Goals for the 2012 season:
To get under 5 hours in a 70.3 race. This is a bit of a stretch as I have to knock off 30 minutes from my PR, but if goals were easy, they wouldn’t be as exciting.
Favorite running trail and/or bike route:
My favorite running trail is the Deschutes Trail in Bend, Oregon. It is one of the most scenic and fun trails I have been on. You are inches from a flowing river and the nice rolling hills add a bit of diversity.
Favorite racing and/or training tip (what would you tell a newbie, and not necessarily something Dara told you!):
Don’t look at each training session as an individual effort. Everything you do from the first day of the season to race day effects your outcome. The next time you push really hard because it feels good, remember that tomorrow might suffer because of your actions today.
A favorite “Dara-ism”:
Dara has a way of motivating me in such an amazing way. It really helped me excel in all of my goals. Having her by my side through the training process was invaluable. She knew how to push me to the edge and has helped me accomplish something I never knew was possible. One of my favorite was “You, my man, are ready for race day!!! Whoo hooooo!!!”
It’s hard not to love a good potsticker. What a yummy treat when it’s a bit chilly outside.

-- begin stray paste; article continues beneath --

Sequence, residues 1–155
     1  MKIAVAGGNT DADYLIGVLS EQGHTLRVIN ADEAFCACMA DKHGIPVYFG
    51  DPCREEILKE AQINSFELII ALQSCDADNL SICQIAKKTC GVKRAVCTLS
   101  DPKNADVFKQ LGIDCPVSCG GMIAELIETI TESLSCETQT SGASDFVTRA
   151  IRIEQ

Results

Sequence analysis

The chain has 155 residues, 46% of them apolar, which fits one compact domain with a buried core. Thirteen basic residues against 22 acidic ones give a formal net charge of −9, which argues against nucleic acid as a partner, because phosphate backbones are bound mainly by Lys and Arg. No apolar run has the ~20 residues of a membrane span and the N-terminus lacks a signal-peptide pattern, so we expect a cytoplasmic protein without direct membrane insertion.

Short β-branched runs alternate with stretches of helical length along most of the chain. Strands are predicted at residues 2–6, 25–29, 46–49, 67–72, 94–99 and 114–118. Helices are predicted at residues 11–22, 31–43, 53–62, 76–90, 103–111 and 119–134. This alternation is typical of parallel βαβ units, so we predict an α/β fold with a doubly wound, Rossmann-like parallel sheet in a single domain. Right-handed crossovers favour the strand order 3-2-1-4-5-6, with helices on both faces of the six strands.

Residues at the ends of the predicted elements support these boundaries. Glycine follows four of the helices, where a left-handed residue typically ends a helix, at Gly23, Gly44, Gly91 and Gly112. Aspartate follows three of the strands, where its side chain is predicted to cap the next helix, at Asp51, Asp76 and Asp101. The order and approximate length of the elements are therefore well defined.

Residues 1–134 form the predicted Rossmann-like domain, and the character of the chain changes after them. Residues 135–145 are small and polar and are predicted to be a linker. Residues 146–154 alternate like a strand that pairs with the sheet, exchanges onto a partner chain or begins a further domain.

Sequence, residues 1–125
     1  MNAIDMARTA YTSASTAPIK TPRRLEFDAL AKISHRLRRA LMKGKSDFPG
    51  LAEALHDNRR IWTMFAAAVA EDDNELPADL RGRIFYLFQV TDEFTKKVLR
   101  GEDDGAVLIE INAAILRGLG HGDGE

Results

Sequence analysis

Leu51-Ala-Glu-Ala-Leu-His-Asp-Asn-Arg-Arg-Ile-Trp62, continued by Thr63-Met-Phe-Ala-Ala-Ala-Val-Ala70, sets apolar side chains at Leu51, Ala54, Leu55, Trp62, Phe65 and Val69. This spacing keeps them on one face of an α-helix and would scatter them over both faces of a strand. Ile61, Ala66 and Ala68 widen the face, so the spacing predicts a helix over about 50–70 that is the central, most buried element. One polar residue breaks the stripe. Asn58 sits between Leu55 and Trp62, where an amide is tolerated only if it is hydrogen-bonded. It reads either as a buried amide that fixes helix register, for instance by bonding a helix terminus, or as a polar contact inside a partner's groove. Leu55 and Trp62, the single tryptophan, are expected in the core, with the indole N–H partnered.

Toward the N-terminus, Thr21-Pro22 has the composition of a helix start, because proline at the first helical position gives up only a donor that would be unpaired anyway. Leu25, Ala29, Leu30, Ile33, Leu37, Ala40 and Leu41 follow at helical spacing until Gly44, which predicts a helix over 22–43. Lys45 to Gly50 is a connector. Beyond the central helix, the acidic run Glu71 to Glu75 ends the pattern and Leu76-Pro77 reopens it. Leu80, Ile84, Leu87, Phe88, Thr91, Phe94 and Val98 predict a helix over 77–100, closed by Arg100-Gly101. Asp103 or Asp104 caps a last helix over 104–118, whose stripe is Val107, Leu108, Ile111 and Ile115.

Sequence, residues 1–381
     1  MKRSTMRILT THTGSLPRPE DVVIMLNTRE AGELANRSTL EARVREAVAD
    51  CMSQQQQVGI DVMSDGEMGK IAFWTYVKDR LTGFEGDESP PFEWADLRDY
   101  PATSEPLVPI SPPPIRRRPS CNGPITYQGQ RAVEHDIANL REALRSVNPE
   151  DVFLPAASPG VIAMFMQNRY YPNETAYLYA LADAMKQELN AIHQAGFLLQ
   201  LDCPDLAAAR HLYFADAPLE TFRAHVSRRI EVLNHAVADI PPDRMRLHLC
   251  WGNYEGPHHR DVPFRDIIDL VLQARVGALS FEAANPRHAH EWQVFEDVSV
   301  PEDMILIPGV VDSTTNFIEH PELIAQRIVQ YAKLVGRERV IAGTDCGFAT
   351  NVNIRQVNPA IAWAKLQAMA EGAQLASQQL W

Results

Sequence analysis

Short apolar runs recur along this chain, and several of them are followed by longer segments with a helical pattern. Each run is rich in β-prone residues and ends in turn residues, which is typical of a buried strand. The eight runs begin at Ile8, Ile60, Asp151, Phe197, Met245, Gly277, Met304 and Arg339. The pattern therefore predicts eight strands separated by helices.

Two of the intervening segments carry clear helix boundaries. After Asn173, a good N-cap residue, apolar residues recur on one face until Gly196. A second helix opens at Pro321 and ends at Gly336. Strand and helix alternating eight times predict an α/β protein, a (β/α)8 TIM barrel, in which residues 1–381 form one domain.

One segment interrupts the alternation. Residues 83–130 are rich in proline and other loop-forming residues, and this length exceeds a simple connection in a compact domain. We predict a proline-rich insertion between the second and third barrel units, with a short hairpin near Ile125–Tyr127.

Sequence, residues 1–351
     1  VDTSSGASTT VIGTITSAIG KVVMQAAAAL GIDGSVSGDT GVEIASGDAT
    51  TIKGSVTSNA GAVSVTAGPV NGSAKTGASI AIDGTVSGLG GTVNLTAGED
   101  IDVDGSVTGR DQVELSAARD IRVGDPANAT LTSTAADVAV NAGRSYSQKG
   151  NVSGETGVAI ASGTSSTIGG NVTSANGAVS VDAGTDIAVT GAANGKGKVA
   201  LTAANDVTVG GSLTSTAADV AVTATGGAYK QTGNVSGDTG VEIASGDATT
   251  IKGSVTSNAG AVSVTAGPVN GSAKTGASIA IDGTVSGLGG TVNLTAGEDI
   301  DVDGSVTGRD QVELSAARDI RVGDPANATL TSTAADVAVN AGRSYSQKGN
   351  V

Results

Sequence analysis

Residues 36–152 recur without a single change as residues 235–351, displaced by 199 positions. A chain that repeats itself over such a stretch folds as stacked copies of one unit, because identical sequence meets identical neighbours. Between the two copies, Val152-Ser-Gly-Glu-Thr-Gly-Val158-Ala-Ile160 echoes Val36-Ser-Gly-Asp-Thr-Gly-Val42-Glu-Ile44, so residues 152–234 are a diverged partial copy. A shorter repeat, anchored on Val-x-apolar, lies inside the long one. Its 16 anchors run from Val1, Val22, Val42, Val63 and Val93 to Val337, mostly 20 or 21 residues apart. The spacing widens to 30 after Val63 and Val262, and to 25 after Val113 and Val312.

•1 red onion , sliced
•1 tablespoon minced ginger
•1 cup sliced shiitake mushroom
•1 cup white cabbage , shredded
•1 cup carrot , shredded
•1 cup chopped garlic sprouts or 1 cup chives
•1 teaspoon white pepper
•1 teaspoon sesame oil
•1/4 cup chopped cilantro
•1 package wonton skins , also called gyoza
1. In a wok or large saute pan, add a little oil and saute onions and ginger.
2. Add the mushrooms and stir.
3. Add the cabbage, carrots and chives.
5. When mixture is soft, place in colander to drain.
6. Add the sesame oil and cilantro when mixture is cooled.
7. Check for seasoning.
8. Using the gyoza skins, make half moon dumplings keeping the bottom flat.
9. In a hot non-stick pan, coat with oil and place dumplings.
10. When bottom gets brown, add 1/4 cup of water and immediately cover.
11. This will steam the dumplings.
12. Carefully watch the dumplings and completely evaporate the water so that the bottom gets crispy again and sticks to the pot.
13. Serve hot with soy sauce and vinegar for dipping.
Prep time: 30 minutes
Cook time: 60 minutes
Post-Ironman “Blues” – Seriously.